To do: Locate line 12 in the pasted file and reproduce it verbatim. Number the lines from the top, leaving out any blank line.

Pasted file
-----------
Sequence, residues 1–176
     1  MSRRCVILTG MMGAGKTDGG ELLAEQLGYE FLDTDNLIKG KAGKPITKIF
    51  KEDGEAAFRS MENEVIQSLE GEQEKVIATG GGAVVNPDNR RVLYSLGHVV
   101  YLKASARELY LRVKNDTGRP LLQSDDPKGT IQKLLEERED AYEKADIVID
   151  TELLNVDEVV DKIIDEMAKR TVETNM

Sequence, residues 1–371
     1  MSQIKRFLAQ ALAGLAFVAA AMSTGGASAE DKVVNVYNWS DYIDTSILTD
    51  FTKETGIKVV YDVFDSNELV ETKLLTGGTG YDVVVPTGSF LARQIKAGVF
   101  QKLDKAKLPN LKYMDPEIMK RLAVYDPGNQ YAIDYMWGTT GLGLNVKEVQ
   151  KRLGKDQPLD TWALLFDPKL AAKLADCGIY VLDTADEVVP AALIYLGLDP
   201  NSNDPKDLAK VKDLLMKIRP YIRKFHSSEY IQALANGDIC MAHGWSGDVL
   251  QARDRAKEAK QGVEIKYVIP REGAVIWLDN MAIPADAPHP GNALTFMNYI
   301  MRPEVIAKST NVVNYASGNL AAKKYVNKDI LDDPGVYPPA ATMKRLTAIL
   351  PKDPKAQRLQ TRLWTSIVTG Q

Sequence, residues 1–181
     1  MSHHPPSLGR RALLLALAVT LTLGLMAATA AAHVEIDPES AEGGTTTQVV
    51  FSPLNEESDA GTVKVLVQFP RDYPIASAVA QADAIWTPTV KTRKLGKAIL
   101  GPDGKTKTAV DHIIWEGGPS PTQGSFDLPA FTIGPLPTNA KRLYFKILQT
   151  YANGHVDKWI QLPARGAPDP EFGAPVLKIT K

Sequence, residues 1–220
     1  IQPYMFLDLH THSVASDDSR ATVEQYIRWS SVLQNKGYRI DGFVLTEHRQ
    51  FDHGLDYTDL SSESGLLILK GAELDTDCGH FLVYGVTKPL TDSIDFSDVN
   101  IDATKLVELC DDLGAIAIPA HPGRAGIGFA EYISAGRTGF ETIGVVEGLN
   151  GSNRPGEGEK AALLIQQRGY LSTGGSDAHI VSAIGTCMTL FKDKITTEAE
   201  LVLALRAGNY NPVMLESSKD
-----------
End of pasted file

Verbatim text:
   251  QARDRAKEAK QGVEIKYVIP REGAVIWLDN MAIPADAPHP GNALTFMNYI